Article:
The application period for London 2012 Olympic Games tickets was extended by an hour to 1am this morning after a late surge in interest led to delays on the ticketing website.
Problems struck for about 20 minutes from 10.30pm last night, as the clock ticked down to the 11.59pm deadline for the 6.6million tickets, and a London 2012 spokesman confirmed last night that the deadline had been extended by an hour.
With an hour remaining until the midnight deadline for members of the public to register for tickets, which will be allocated later by ballot, some users were met by a holding message.
The website, http://www.tickets.london2012.com, displayed a page telling would-be customers: "We're experiencing high demand. You will be automatically directed to the page requested as soon as it becomes available. Thank you for your patience."
But by 11.30pm the site seemed to be functioning normally and allowing visitors to the site to sign in and register for tickets.
Sports fans were told that the six-week ticket application period was a marathon, not a sprint, and that they would have the same chance of getting a ticket on the first or the last day of the process.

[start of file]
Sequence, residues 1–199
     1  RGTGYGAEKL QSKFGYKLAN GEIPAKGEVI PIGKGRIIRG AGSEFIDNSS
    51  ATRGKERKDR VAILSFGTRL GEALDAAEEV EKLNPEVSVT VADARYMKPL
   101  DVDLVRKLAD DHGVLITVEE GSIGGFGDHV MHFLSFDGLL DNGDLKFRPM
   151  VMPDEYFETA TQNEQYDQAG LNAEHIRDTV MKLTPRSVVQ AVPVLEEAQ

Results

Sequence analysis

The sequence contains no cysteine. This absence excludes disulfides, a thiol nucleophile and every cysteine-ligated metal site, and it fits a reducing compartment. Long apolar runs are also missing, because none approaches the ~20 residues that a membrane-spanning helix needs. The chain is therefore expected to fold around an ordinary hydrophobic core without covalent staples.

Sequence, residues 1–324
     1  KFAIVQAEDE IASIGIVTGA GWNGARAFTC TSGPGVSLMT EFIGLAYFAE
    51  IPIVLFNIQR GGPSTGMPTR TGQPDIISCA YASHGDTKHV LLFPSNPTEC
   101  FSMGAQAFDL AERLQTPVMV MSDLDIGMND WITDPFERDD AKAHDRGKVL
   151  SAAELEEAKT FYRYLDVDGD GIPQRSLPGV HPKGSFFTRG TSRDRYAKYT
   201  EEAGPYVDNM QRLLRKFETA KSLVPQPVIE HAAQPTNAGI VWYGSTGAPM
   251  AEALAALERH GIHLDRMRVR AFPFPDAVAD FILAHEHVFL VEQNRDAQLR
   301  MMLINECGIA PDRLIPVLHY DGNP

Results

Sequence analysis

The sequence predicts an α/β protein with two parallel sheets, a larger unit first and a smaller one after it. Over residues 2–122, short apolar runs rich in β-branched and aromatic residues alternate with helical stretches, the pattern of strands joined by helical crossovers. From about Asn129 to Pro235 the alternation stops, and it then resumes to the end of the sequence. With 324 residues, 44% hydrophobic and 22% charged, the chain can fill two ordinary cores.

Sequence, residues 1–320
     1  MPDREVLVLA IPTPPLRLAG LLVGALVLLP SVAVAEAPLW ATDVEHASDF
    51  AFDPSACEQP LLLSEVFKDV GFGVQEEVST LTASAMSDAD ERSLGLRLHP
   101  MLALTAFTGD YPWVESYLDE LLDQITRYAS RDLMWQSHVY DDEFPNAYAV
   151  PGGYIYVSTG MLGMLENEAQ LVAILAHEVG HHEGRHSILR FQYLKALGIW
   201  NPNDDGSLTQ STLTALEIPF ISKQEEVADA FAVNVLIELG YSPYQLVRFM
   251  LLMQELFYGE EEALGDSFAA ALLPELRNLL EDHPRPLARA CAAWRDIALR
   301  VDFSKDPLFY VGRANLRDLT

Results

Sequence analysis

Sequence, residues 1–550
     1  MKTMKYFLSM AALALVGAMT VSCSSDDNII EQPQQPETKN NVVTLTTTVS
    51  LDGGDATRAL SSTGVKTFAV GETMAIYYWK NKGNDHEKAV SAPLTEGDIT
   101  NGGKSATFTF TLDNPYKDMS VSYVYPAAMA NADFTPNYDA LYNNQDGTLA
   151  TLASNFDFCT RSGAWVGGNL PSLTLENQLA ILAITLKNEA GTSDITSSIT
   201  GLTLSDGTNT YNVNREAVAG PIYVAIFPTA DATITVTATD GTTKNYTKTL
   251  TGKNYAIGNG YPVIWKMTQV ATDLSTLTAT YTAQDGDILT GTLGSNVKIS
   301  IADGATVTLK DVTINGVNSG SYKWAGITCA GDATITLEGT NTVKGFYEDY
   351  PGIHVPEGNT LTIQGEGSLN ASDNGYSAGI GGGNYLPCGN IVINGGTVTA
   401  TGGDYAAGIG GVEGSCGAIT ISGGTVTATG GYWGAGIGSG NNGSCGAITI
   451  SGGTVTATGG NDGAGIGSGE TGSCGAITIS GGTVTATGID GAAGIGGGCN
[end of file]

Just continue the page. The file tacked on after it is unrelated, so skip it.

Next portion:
There are 650 sessions across 26 sports and 17 days to choose from and people will be limited to a maximum of 20 events each.
Prices range from £20 to £2,012.
They include paying up to £2,012 for the opening ceremony, up to £725 for the showpiece 100 metres athletics final and between £50 and £325 for the track cycling finals.
It is expected that any unsold tickets will be made available in further ballots at a later date, along with the possibility of additional tickets for higher-profile events being released as venues are tested and capacities finalised.
London 2012 chief executive Paul Deighton had said that since last Friday the number of applications had jumped from "a high level to a really high level".
The last week had seen "three or four times the applications above and beyond what was coming in for the previous five weeks".
Despite being aware there would be "incredible" interest in the final days before the applications closed, he was also confident the system could cope and avoid a meltdown.
He had said: "The system has actually worked faultlessly and with a process of this scale and complexity that is extraordinary.
"When things work, nobody really notices and the job my team has done with this system is phenomenal."
Sports fans will find out whether or not they have secured tickets by June 24.
London 2012 needs to raise £500million from the sale of tickets as it tries to raise £2billion from the private sector to stage the Games.